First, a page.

CSS Lists

The list-style-position property defines where to position the list marker, and it accepts one of two values: "inside" or "outside".

The list-style-type property defines the type of list by setting the content of each marker, or bullet, on the list. Acceptable keyword values for list-style-type include:

The list-style-type property applies to all lists, and to any element that is set to display: list-item.

The color of the list marker will be whatever the computed color of the element is (set via the color property).

  • disc
  • circle
  • square
  • decimal
  • decimal-leading-zero
  • lower-roman
  • upper-roman
  • lower-greek
  • lower-latin
  • upper-latin
  • armenian
  • georgian
  • lower-alpha
  • upper-alpha
  • none

HTML Lists and CSS List Properties

In HTML, there are two main types of lists:

  • unordered lists (<ul>) - the list items are marked with bullets
  • ordered lists (<ol>) - the list items are marked with numbers or letters

The CSS list properties allow you to:

  • Set different list item markers for ordered lists
  • Set different list item markers for unordered lists
  • Set an image as the list item marker
  • Add background colors to lists and list items

Different List Item Markers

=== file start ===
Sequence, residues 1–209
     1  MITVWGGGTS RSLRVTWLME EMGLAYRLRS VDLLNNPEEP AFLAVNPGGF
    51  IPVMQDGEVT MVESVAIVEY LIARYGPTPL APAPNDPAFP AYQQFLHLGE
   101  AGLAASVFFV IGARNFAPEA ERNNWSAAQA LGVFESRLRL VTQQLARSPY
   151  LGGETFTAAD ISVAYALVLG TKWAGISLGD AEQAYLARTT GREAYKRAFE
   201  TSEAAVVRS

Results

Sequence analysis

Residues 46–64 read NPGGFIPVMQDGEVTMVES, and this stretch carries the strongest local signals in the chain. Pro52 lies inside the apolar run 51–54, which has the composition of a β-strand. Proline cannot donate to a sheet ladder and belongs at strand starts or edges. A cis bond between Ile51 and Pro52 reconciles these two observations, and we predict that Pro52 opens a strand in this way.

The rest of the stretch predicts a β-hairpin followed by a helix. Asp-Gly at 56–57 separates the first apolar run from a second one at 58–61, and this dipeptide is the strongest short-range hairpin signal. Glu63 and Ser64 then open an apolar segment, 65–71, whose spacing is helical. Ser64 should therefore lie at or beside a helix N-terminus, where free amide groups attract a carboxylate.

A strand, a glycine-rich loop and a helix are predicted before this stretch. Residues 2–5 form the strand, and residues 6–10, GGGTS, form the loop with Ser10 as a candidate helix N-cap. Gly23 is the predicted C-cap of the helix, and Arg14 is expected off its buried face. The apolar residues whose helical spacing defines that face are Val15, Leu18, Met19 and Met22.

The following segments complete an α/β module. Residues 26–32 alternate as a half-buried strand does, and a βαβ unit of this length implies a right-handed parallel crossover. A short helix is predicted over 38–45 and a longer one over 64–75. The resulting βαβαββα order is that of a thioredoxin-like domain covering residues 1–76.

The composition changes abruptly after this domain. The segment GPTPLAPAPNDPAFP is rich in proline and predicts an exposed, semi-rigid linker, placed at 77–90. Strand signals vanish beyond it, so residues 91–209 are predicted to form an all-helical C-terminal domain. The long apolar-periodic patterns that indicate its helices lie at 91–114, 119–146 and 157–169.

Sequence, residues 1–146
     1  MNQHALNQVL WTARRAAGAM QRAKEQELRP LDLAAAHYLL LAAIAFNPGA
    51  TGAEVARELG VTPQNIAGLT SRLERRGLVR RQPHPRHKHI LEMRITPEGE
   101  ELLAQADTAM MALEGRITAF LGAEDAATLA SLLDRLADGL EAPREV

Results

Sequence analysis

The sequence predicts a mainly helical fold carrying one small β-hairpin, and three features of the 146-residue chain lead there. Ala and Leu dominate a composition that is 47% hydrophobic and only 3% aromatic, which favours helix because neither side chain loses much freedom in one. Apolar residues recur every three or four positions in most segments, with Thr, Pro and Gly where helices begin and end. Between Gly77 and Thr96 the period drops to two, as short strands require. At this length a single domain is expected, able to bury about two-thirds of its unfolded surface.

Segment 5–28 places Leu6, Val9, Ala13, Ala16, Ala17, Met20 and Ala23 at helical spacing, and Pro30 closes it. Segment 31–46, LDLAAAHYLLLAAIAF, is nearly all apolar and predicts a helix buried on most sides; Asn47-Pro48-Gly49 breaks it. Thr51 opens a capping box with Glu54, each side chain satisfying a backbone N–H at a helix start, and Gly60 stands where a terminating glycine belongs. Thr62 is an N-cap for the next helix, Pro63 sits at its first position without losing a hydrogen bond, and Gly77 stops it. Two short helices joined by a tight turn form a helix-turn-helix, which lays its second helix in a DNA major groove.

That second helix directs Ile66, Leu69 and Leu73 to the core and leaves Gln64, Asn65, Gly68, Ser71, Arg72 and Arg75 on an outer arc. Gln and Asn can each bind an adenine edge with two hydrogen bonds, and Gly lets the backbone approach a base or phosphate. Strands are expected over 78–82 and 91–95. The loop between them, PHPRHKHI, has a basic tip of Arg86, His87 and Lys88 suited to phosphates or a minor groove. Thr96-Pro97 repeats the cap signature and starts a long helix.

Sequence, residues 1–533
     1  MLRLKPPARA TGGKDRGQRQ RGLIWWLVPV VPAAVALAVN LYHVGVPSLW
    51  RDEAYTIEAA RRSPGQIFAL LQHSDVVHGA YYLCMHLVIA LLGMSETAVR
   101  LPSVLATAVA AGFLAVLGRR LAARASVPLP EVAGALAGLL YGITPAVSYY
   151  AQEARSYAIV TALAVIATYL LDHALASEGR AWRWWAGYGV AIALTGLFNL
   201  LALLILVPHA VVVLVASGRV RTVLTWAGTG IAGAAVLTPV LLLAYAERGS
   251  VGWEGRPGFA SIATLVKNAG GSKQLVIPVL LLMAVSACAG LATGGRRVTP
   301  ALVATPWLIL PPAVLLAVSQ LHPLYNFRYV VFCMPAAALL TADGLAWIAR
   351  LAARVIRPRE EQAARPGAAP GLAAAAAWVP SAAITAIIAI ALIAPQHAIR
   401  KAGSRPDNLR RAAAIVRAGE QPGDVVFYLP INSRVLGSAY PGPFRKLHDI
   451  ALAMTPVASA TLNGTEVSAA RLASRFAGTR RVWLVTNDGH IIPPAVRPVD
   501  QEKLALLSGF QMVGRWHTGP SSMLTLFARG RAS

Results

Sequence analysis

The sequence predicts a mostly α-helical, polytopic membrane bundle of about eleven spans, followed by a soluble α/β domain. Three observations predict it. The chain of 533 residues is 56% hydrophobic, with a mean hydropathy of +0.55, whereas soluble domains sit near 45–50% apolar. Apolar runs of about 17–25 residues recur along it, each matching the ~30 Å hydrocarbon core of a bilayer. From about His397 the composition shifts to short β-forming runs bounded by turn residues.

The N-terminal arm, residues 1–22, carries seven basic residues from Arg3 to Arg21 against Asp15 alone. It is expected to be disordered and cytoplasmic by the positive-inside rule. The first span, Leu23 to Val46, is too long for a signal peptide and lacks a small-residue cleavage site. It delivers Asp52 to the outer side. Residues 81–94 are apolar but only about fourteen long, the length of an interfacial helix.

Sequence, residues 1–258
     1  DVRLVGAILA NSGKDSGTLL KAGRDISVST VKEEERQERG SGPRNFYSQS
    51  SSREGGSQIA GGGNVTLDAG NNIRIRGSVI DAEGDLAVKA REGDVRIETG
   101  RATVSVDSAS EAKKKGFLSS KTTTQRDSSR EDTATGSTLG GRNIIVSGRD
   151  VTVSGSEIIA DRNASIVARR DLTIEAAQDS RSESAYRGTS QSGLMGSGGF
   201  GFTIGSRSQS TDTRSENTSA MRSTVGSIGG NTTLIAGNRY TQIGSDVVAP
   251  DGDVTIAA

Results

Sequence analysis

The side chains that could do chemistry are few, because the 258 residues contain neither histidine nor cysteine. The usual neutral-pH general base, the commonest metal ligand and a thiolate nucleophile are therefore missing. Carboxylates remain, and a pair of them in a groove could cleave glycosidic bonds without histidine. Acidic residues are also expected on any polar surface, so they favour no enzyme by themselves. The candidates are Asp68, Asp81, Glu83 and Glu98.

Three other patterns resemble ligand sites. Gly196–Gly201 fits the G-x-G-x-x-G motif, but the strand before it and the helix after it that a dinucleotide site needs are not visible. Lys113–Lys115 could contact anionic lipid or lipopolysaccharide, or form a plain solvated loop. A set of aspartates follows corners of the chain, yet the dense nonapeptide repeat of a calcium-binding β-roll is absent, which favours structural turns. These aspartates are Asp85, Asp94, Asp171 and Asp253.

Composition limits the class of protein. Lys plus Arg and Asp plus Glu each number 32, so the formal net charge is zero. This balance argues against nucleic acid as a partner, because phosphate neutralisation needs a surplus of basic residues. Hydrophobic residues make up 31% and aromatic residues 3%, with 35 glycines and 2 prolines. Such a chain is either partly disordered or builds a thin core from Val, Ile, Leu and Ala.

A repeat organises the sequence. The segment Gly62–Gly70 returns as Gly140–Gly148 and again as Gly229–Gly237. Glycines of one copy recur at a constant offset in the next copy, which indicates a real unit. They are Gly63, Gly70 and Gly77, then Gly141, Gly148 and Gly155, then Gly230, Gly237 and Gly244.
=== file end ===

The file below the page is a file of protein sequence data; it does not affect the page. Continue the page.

The list-style-type property specifies the type of list item marker.

Example -

An Image as The List Item Marker

Example -

Position The List Item Markers

The position of the list item markers in a list can be set to be inside or outside of the list's principal block box via the 'list-style-position' property. This property can have values of: outside, inside, and inherit.

The effects of the 'outside' and 'inside' values for 'list-style-position' can be seen in the style-test.html file.The list-style-position property specifies the position of the list-item markers (bullet points)."list-style-position: outside;" means that the bullet points will be outside the list item. The start of each line of a list item will be aligned vertically.

Remove Default Settings

List - Shorthand property

One of the many great possibilities in CSS is the use of shorthand properties, which let you specify several properties by using only one. If you have started to learn about CSS and implement it on your Web pages, you’ll immediately see the benefit of using these shorthand properties. CSS shorthand makes it even easier for you to apply style to your markup, and makes your CSS code more concise.

In order for you to gain any value from this article you’ll need to know the common CSS properties and their values (see Kevin Yank’s "CSS Is Easy!"). They will be used here, but not extensively explained.

Browser support as indicated here for each shorthand property often only gives a general idea of actual compatibility. For more detailed information about the nature in which a particular property is buggy or partially supported under certain browsers, check the links at the end of this article.

Styling List With Colors